The British economy is in shtook, as the island’s residents might say. Recovering slowly from a double dip recession, policy experts agree that the answer is to shift its economy away from its reliance on finance to high tech services and manufacturing. Do that, and the UK has some hope of competing with the emerging economies of India and China in the future.
The problem – and it’s a doozy – is that spending on research and development by UK businesses has been in decline for around 30 years and while successive governments have funded basic science decently (though public spend on science as a proportion of GDP is lower than every G7 country except Italy), spending on applied research has seriously lagged. Add to that a long-standing reluctance for politicians to come up with an industrial strategy that provides stable support to nascent high tech businesses or the investment required to get industry and researchers working together, and the outlook for the UK economy looks gloomy. For researchers, the lack of a plan that puts research at the heart of the UK’s economic future dooms the science budget to being regarded by the Treasury as a frill – one that is susceptible to cuts if political fashions change.
All of that goes some way to explaining the stir of excitement among science policy wonks and researchers alike this morning when George Osborne, the Chancellor of the Exchequer, arrived at the Royal Society, the UK’s national academy of science with science minister David Willetts, to talk about industrial policy. It wasn’t so much what Osborne said – but the fact that he was there at all.
Much of what he did say was nice enough, though to most pundits, largely motherhood and apple pie.
“I understand that scientific enquiry can’t be reduced to simple utilitarian calculation,” Osborne said. “Intellectual inquiry is worthwhile in itself.”
“You do not necessarily become a scientist to boost GDP,” he added later, “even though it is a very welcome consequence of much of what you do.”
He also mentioned a 2011 study by the Confederation of British Industry (CBI), which found that the science base was an important reason for businesses to invest in the UK. But the key part of the speech was the announcement of eight key technological areas where the UK could be world-leading. Osborne’s hope is that focusing in this way will spur the growth of new businesses, though in the past, some politicians would have dismissed such a move as ‘picking winners’ – shoring up unprofitable industries with subsidies.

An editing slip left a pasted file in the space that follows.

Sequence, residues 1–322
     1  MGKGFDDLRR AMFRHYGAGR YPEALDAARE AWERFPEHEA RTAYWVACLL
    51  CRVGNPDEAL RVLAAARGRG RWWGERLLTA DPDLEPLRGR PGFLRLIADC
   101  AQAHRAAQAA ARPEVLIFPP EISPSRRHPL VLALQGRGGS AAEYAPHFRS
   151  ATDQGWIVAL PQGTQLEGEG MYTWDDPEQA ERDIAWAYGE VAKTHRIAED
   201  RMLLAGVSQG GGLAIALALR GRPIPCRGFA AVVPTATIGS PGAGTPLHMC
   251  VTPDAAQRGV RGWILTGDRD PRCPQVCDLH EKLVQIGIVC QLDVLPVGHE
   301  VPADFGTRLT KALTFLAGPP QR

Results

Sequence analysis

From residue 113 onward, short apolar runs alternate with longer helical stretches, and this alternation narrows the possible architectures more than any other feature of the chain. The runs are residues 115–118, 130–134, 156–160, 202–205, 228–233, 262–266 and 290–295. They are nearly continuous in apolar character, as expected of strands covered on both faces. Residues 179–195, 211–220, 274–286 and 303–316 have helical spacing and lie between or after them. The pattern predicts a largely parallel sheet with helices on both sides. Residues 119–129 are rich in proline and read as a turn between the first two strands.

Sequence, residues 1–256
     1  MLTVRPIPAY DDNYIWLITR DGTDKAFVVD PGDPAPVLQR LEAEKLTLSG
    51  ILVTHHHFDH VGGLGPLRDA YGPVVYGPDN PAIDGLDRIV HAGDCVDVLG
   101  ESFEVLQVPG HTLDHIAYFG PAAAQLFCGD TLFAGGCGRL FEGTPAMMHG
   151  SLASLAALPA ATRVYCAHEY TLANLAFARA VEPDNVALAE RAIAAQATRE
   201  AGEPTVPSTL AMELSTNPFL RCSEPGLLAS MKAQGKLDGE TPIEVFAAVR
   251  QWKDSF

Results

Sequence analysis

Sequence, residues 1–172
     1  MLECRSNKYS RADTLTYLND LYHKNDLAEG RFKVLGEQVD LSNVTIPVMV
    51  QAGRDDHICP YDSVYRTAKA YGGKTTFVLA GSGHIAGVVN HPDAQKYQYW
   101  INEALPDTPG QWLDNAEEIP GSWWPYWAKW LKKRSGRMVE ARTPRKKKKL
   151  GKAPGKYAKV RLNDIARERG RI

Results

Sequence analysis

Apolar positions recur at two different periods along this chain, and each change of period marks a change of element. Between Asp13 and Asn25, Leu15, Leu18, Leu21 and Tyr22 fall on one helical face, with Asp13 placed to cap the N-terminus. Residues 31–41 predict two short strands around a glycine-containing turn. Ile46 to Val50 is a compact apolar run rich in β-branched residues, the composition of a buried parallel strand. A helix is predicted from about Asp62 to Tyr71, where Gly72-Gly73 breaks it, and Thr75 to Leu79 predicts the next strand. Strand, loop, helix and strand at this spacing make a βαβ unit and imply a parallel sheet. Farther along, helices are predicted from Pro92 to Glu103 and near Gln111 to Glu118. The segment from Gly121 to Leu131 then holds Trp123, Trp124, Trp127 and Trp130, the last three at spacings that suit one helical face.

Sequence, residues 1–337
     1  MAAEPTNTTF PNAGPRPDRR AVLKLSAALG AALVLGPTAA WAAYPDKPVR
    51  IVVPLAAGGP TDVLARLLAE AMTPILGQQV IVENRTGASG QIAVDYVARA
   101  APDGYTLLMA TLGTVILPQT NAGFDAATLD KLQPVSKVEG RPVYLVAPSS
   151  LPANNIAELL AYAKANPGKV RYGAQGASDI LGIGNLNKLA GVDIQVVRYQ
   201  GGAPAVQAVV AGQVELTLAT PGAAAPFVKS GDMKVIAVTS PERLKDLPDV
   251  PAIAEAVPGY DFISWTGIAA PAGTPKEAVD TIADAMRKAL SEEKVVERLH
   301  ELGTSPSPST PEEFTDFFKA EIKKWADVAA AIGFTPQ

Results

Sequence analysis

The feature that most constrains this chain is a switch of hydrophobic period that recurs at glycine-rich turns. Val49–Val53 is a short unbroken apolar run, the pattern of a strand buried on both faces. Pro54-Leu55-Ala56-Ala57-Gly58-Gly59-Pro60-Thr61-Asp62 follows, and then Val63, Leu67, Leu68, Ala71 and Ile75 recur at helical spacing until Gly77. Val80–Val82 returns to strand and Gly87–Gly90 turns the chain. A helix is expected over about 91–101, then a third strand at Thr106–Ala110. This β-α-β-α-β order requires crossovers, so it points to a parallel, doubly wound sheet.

“As a scientific community we need to be willing to identify Britain’s strengths and reinforce them,” Osborne said. “We do not claim to be able to predict them with 100% accuracy. But we need some sort of assessment.”
In cash terms, the most significant of the eight areas was satellites and space – where Osborne said UK government spending would increase by about £60 million a year, through a boost to the country’s contributions to the European Space Agency (ESA) to roughly £240 million per year for the next five years. He also announced that ESA had agreed to locate its telecommunications satellite centre in Harwell, Oxfordshire, creating around 100 jobs.
But there were slim pickings for Osborne’s other seven priorities, which he was at pains to point out were chosen in consultation with the scientific community, the research councils that fund academic science and the Technology Strategy Board, which supports near-market R&D. There was £20 million for synthetic biology that addresses “major global challenges, such as producing low-carbon fuel and reducing the cost of industrial raw materials”. Big Data, regenerative medicine, agriscience, energy storage, advanced materials and robots though received no new cash – leaving uncertainty over what, exactly, the government would do to push these areas forward.
There was also an interesting admission. Earlier this year, the UK government announced, with much fanfare, £38 million (US$59 million) in funding for a National Graphene Institute at the University of Manchester – home to Nobel laureates Andre Geim and Kostya Novoselov. The money was vaunted as a coherent strategy to capitalize on our scientific lead in graphene and spark a new industry based on the “miracle material” they discovered.
According to Osborne, however, the money was the result of a plea from the University of Manchester. After they had received their Nobel prizes, Geim and Novoselov had been feted by institutions in the United States and Singapore. The graphene investment was less a strategy and more a panic-stricken eleventh hour (albeit welcome) move to avoid the loss of two of the UK’s leading scientific lights – and, possibly, a whole new industry. If the UK is to steer clear of such last minute maneuvering in future then there has to be serious and sustained investment in science.
As Paul Nurse, the Royal Society’s president, said after thanking the Chancellor for his warm words, “Please don’t forget to put your money where your mouth is.”